Helpful Gardening Tips
Goes Well With
We dig plants when your order is received, and ship immediately via US Priority Mail. You will receive a tracking number via email when plants are shipped. All plants are packed to be safe in their packages for up to 3 days after receipt.
How We Protect Your Plants For Transit
We sell only bare root plants. We dip the roots in tera-sorb silicone gel to retain ample moisture for transit and surround with plastic. This provides superior protection for plants in transit for up to 12 days.
Upon Receipt Of Your Plants
Open your plants and inspect the same day received. We offer 3 days to report any problems with your order. Bare root plants need to be planted within 2-3 days of receipt unless weather prohibits. Store in a cool place and keep roots moist and covered with plastic until they can be planted. Water daily for the first week after planting.
Hardy Planting Zone
The mulberry tree does best in the U.S. Department of Agriculture's hardiness regions known between zones 3 and 9.
Like many other trees, the mulberry has a season for blooming. Those who plant them can expect to harvest fruit starting in the middle of June. The fruit will show up until the end of August.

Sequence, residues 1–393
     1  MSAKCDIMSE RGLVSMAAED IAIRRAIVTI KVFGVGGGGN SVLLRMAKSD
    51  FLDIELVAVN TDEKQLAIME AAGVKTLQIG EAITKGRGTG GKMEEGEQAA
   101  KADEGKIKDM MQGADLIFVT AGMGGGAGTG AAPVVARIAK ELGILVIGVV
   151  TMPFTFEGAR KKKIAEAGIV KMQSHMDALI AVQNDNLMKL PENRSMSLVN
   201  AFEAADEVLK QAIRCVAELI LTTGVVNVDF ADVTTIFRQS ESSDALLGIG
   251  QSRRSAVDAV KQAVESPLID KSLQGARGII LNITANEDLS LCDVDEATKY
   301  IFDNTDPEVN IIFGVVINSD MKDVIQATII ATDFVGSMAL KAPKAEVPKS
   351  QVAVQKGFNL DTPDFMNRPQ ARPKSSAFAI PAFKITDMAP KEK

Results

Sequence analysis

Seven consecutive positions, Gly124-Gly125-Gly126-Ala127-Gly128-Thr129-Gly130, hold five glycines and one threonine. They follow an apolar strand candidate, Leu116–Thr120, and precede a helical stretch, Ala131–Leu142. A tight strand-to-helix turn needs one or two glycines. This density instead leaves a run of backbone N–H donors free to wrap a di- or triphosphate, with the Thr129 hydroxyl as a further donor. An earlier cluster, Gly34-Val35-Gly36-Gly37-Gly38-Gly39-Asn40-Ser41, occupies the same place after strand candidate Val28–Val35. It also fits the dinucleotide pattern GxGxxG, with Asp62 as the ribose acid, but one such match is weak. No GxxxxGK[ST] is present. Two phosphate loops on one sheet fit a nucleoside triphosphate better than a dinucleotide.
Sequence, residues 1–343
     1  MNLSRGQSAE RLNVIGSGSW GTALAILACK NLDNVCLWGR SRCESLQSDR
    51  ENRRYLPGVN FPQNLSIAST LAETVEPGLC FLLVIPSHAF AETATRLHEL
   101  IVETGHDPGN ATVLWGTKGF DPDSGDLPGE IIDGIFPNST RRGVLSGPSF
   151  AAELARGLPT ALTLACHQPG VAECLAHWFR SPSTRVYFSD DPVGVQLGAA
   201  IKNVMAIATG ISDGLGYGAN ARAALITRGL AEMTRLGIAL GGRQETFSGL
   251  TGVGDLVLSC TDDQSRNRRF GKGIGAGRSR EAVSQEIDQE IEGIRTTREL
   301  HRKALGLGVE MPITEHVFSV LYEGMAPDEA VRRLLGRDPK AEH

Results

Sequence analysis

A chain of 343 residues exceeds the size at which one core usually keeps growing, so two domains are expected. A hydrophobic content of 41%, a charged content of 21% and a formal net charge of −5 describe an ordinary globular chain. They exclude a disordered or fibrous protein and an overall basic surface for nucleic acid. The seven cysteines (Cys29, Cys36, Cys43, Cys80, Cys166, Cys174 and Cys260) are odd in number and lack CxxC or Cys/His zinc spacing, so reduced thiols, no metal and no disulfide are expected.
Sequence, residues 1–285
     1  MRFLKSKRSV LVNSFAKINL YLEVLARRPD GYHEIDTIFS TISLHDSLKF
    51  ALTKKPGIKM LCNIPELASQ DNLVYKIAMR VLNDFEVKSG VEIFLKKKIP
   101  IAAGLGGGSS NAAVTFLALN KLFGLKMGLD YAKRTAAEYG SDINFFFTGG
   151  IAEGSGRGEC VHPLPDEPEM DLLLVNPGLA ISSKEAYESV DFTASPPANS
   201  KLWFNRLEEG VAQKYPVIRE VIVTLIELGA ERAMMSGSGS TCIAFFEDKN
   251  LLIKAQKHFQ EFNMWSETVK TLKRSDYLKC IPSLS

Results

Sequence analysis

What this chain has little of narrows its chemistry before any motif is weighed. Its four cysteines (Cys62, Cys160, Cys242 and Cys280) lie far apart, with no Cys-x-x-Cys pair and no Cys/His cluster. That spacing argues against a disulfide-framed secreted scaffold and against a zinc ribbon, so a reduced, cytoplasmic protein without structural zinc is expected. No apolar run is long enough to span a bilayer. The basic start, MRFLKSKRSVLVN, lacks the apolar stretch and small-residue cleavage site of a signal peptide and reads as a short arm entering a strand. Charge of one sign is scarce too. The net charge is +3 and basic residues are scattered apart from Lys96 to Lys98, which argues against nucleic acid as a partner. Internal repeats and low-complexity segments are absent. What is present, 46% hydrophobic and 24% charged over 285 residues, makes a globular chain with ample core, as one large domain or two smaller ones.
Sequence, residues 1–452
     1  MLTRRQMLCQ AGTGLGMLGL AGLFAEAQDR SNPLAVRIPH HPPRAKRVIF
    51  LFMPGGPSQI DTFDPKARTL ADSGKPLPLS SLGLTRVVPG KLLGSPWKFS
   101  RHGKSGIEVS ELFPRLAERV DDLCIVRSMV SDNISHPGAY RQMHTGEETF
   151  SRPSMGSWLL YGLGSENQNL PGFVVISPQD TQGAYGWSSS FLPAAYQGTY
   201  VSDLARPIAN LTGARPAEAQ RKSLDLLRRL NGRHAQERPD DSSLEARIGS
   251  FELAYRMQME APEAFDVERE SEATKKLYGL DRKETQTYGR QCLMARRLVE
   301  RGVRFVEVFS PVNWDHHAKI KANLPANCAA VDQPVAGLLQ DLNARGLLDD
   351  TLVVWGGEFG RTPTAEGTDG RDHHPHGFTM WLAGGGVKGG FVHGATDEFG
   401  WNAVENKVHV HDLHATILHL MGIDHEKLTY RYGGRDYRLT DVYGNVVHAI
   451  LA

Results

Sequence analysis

Mulberry trees are brown with green leaves. They yield fruit that ranges from white to ruby, a deep shade of purple and black. Different varieties of mulberry trees will yield different berry colors.
Height at Maturity
Mulberries are often cropped. Those that are allowed to grow without pruning can reach as high as eighty feet under the right conditions. The berries are about four inches in length.
Soil Type Preferred
One of the hallmarks of mulberry trees is their ability to thrive in varied types of soils. They do well in soil conditions ranging from sandy to soil that has lots of rocks. White mulberry trees prefer soil that has more moisture.
Sun or Shade
Mulberries trees do best in places where they can get the most sunlight. They do not want soils that are drenched in water. This is why they do best in areas that have the most sun.
Mulberries are grown in many places around the world.
They are cultivated deliberately for human use. They're also found growing wild. Mulberry trees are found in many parts of the world including Europe, the United States, Northern Africa, and parts of the Indian subcontinent.
They may not reach full height or flowering until a decade past the initial planting.
In China and other silk-producing countries, they are kept on hand to feed silkworms. Mulberry leaves are the only things silkworms eat. The fruit is highly popular. People make the fruit into jams and pies or dry it and use the berries for snacks.